Watch the Trailer for Ava DuVernay’s Powerful Doc The 13th
Ever since 2014’s Selma cemented Ava DuVernay as one of our most ambitious and intelligent young filmmakers, she’s been quietly hard at work on several projects. Her drama from Oprah Winfrey’s OWN network, Queen Sugar, has been met with major praise. Based on Natalie Baszile’s novel and focuses on the three estrange Bordelon Siblings and their very different lives. At the center of the family are the jouranlist and activist Nova (Rutina Wesley); Charley (Dawn-Lyen Gardner), the wife and manager of an NBA player living in Los Angeles; and formerly incarcerated father Ralph Angel (Kofi Siriboe), who is trying to course correct his life. A family tragedy forces the siblings together to run a struggling sugar cane farm. DuVernay’s adaptation has drawn acclaim for its intelligent storytelling, visual and narrative sensuousness and major roles for up-and-coming stars. What’s more, DuVernay has not only populated the cast with young black actors, she’s got an all-female directing team, helping promising talents both in front and behind the camera get their shot.
Next up is The 13th, her documentary about mass incarceration and America's morally cratered criminal justice system. The title refers to the 13th Amendment, which ended slavery save for one significant caveat: “except as a punishment for crime.” DuVernay’s film looks at the 13th Amendment’s path from its inception to our current criminal justice system, where young African American men are funneled into the system at astonishing rates. The doc couldn’t be more timely, with federal private prisons finally being shuttered, only to see a thriving for-profit prison system still active across the country, and aims to find out how we became a country that houses 25 percent of the world's inmates.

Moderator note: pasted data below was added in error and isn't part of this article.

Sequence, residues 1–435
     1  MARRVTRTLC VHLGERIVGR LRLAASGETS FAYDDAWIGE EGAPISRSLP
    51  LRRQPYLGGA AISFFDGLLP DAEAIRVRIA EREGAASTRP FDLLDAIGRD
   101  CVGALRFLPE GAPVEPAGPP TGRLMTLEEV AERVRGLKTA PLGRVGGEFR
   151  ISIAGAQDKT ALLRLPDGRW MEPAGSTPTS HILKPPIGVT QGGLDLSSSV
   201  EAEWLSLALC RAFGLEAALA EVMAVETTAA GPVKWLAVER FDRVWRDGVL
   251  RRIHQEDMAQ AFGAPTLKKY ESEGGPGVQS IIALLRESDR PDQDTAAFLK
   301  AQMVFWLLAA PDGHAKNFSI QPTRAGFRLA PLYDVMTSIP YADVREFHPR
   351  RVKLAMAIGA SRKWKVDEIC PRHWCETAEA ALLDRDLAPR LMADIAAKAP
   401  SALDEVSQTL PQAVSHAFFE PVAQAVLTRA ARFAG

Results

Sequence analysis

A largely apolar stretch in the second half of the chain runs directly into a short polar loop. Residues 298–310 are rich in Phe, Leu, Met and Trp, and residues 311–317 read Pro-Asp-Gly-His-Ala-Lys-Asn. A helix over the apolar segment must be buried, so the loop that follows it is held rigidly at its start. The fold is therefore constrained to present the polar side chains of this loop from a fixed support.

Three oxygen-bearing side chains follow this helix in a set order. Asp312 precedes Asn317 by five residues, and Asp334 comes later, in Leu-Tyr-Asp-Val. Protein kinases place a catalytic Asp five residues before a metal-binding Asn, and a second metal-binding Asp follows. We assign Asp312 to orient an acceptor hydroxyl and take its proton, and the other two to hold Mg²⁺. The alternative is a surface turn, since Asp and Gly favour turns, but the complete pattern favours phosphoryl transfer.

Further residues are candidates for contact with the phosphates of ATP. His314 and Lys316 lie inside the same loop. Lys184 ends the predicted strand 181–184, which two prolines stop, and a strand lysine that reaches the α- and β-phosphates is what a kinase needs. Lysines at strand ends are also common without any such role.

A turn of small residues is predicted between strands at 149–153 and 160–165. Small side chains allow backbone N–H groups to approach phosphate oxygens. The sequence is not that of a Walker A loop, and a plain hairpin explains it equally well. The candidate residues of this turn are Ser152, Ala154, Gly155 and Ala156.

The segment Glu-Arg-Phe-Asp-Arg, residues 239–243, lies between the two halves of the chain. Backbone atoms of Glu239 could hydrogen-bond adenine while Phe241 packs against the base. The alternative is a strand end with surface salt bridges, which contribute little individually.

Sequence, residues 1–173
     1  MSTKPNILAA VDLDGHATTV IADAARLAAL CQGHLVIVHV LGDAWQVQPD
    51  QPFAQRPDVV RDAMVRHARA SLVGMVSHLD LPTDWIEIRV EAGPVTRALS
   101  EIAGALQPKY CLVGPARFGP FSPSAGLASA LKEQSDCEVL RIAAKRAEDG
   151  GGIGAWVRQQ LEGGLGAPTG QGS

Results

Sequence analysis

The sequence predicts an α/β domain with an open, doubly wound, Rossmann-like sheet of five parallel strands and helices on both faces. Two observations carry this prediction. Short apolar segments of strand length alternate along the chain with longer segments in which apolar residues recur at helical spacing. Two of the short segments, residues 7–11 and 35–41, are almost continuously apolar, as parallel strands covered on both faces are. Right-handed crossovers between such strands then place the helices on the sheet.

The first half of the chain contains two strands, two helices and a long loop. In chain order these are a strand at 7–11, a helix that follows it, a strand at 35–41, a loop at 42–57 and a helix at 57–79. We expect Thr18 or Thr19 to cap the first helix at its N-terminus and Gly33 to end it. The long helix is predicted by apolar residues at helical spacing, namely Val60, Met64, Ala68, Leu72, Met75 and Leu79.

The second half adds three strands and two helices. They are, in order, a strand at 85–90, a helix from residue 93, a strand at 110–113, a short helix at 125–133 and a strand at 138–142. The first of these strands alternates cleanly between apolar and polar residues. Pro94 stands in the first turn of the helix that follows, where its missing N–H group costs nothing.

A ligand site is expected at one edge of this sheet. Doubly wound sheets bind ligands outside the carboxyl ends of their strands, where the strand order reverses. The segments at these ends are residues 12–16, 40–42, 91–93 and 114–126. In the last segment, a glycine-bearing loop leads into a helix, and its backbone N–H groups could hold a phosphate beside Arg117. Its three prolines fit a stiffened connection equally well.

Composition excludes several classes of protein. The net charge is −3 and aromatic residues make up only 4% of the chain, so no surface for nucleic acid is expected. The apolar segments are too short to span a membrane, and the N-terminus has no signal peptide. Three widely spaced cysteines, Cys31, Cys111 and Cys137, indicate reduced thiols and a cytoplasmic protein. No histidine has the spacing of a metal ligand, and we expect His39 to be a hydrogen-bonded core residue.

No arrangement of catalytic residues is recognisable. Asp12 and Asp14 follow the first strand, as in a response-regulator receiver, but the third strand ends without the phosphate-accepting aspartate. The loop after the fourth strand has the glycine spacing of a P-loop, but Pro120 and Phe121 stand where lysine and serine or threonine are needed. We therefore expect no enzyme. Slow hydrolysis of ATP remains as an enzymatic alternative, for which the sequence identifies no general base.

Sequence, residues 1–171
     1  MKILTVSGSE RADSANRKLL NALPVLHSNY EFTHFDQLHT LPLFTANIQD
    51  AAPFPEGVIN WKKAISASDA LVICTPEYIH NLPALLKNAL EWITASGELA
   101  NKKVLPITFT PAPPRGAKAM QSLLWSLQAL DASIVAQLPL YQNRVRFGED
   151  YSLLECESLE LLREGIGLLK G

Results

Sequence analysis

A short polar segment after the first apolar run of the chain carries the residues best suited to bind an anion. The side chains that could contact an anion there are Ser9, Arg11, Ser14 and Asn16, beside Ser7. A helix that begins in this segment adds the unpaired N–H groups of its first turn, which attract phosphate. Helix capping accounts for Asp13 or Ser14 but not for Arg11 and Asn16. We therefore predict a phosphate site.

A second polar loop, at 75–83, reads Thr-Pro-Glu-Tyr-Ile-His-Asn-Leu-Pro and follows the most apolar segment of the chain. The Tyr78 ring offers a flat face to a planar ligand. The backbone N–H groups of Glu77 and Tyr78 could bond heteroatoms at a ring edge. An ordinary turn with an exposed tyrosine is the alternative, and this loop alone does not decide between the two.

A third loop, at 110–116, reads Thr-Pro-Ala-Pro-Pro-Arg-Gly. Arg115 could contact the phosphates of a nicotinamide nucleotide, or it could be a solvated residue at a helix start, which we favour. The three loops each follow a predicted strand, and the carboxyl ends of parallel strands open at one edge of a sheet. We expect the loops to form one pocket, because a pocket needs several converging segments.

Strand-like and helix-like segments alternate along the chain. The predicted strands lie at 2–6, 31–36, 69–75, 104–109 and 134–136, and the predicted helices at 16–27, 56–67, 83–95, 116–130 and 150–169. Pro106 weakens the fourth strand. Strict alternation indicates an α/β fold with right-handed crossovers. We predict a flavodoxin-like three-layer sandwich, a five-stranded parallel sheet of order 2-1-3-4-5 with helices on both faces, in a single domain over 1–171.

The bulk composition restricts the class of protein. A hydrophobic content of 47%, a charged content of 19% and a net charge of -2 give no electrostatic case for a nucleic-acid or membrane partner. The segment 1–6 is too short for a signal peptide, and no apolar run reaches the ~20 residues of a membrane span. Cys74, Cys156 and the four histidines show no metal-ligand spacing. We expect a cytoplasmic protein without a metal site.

“You now have more African Americans under criminal supervision than all the slaves back in the 1850s,” says New Jersey Senator Corey Booker. The new trailer is a potent reminder what happens when talented filmmakers turn their eyes to social justice. DuVernay's career was already remarkable; The 13th will only burnish it.
The 13th is available for streaming on Netflix on October 7. It should be required viewing for anyone looking to understand why our criminal justice system needs major reform.